County of northeast England, created in 1974 from most of the North Riding and parts of the East and West Ridings of Yorkshire (since April 1996 York has been a separate unitary authority).
Area 8,037 sq km/3,103 sq mi
Towns and citiesNorthallerton (administrative headquarters); resorts: Harrogate, Scarborough, Whitby
Physical England's largest county; rivers Derwent, Esk, Ouse; includes part of the Pennines; the Vale of York (a vast plain); the Cleveland Hills; North Yorkshire Moors, which form a national park (within which is Fylingdales radar station to give early warning – 4 minutes – of nuclear attack)
Features Rievaulx Abbey (1132); Yorkshire Dales National Park (including Swaledale, Wensleydale, and Bolton Abbey (1170) in Wharfedale); Fountains Abbey (1113) near Ripon, with Studley Royal Gardens (a World Heritage site); Castle Howard (1699), designed by Vanbrugh, has Britain's largest collection of 18th–20th-century costume; Battlefield Chamber at Ingleton, the largest accessible cavern in Britain
Agriculture cereals, dairy products (Vale of York, Pickering); wool and meat from sheep (North York Moors)
Industries footwear, clothing, plastics, foodstuffs, high technology industries, light industry
Population (2001) 570,100
Famous people Alcuin, W H Auden, Guy Fawkes
Topography North Yorkshire is divided into eight districts. The Pennines are in the west part of the county. There are several beautiful dales, which together constitute the Yorkshire Dales National Park, the principal ones being Swaledale, Wensleydale, Nidderdale, Airedale, and Ribblesdale. The relief of the east part of the county is varied. To the northeast are the Cleveland Hills and the valley of the River Esk, which flows to the North Sea; south of Esk lies Fylingdales Moor, the Hambleton Hills, and the North Yorkshire Moors. From these moors, several valleys, such as Bilsdale and Farndale, run down to the Vale of Pickering, through which runs the River Derwent, which flows southwest from near the coast to join the Ouse between Selby and Goole. The county extends south of the Vale of Pickering to the Yorkshire Wolds (an area of moorland). The coast from Runswick Bay in the north to Filey Bay in the south is varied; the stretch between Whitby and Scarborough, with its high cliffs, is especially attractive.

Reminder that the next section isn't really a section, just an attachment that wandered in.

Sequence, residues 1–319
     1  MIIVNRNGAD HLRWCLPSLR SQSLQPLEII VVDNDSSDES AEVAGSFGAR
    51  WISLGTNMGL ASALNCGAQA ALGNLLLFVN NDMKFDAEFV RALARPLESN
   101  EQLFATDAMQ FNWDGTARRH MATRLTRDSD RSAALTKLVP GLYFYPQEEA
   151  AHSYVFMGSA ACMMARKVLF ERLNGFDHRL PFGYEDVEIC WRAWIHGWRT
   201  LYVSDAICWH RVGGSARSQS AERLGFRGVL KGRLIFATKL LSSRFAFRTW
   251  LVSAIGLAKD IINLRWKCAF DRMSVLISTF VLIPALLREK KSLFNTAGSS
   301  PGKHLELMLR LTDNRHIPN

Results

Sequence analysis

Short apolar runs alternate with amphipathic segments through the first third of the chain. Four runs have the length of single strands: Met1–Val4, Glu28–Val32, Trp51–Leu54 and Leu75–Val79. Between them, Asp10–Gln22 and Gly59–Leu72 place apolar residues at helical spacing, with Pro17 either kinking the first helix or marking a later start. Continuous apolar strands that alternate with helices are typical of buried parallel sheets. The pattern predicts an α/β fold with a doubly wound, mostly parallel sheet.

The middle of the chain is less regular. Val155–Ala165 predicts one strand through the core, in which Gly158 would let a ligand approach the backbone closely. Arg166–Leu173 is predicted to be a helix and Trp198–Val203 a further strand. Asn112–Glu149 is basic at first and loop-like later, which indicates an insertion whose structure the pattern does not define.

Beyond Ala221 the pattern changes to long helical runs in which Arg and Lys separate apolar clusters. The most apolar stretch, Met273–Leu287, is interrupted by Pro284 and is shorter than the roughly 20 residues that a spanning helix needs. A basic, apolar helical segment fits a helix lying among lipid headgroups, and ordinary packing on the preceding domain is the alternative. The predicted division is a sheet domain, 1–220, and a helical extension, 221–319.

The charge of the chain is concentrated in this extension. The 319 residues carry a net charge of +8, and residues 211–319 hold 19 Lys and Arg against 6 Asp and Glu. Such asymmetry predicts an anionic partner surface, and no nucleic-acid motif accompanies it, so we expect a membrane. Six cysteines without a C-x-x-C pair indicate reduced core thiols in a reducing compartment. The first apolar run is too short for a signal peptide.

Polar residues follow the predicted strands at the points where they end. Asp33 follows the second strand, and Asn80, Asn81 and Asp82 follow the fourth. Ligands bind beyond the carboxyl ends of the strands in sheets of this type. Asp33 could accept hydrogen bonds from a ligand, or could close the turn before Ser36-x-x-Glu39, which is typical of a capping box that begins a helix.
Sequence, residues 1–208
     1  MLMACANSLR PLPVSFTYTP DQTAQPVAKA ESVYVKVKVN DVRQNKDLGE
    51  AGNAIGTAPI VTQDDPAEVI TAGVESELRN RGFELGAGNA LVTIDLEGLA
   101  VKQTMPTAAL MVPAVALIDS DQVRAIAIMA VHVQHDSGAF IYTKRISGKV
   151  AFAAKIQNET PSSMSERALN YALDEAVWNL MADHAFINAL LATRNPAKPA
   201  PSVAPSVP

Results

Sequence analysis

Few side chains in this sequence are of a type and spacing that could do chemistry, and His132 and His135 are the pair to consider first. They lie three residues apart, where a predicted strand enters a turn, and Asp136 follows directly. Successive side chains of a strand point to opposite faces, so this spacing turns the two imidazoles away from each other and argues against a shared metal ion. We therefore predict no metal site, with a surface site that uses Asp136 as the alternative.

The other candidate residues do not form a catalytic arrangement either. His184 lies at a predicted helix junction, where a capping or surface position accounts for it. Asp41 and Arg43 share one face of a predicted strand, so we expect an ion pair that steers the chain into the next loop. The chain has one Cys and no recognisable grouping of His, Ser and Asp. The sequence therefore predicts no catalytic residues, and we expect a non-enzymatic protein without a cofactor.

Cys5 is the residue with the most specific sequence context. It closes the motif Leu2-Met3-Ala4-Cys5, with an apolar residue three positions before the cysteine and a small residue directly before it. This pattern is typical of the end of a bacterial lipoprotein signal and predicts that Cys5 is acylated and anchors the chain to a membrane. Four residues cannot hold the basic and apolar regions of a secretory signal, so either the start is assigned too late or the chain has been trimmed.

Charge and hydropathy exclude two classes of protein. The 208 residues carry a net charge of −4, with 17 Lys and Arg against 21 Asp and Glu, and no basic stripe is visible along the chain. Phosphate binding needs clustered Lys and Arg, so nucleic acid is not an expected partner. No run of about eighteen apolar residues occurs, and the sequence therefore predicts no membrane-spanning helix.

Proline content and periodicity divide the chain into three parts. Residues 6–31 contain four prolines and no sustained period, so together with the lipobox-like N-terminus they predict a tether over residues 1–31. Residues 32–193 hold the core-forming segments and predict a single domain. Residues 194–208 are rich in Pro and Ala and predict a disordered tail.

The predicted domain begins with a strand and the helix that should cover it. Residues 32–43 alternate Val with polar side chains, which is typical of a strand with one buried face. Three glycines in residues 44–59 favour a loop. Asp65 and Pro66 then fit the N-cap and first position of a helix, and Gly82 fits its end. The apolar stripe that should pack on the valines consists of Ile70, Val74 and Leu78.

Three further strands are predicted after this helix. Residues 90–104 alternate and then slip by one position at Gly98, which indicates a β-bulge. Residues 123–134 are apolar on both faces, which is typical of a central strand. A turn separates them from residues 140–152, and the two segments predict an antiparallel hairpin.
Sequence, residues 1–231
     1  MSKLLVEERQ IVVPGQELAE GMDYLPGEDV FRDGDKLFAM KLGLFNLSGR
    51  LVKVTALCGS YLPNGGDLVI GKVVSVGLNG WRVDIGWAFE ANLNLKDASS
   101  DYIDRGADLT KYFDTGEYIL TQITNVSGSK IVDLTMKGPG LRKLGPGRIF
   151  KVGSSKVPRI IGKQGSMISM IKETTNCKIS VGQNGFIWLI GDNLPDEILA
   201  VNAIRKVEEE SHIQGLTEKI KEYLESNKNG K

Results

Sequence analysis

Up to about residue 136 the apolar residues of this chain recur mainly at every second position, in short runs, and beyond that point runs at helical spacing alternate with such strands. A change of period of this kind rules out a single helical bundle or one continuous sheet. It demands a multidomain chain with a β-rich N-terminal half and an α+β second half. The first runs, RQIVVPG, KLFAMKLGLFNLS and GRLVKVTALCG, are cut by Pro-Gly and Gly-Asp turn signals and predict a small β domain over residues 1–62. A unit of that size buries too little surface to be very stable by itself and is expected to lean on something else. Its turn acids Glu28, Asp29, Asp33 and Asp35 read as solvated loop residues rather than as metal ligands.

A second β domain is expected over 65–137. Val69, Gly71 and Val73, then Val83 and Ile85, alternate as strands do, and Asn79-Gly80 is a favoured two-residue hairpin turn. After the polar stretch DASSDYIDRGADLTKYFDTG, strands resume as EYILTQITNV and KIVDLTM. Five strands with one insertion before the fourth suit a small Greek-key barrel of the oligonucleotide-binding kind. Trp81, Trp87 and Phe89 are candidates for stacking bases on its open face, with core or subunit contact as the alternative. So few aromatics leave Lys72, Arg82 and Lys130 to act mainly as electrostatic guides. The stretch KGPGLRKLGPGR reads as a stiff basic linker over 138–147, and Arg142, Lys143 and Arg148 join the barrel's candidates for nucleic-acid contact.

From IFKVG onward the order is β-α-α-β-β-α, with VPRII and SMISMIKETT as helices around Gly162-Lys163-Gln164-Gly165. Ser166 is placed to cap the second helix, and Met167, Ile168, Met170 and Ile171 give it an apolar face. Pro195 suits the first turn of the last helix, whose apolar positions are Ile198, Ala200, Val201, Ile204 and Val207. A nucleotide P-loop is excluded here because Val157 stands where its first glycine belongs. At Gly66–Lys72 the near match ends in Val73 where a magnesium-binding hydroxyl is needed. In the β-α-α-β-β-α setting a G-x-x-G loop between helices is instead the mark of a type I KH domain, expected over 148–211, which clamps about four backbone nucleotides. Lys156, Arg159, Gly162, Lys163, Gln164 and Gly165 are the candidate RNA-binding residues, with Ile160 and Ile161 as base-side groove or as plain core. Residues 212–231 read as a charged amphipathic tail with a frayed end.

History Yorkshire as a whole formed part of the Brigantian kingdom with the Parisii on the Wolds and in Holderness. It was conquered by the Romans in the 1st century AD, and by the Danes in the 9th century, and came under the rule of Harold of England in 1066 after the Battle of Stamford Bridge. Large areas were devastated by the Normans. Since then the county has been the scene of many battles. During the Wars of the Roses one of the bloodiest battles ever to have been fought in Britain took place at Towton Field. During the Civil War the county was divided, and the principal battle was fought at Marston Moor, where the Royalists were defeated.
Historic monuments Important monuments in the county include the Roman town at Aldborough. Among many castles the best known are Richmond (1071), Bolton (1339), Skipton (11th century), Scarborough (12th century), and Knaresborough (14th century). The 12th-century Middleham Castle was a residence of Warwick ‘The King Maker’. Of the ecclesiastical remains the most important are the Cistercian abbeys of Fountains (1113), Rievaulx (1132), and Jervaulx (1156); the Augustinian priories of Bolton (1170) and Kirkham; and the Premonstratensian House at Easby. There are 11th-century Benedictine foundations at Selby and 14th-century remains at Whitby.
Tourism With its pleasant coastline, National Parks, and rural landscapes, North Yorkshire is an important centre for tourism. In addition to the coastal resorts at Scarborough and Whitby, several smaller places attract tourists. Visitors come to the numerous small market towns and villages within the two National Parks, and to nearby towns, particularly Richmond, Ripon, Harrogate with its Victorian Baths and Pump Room, and Pickering.
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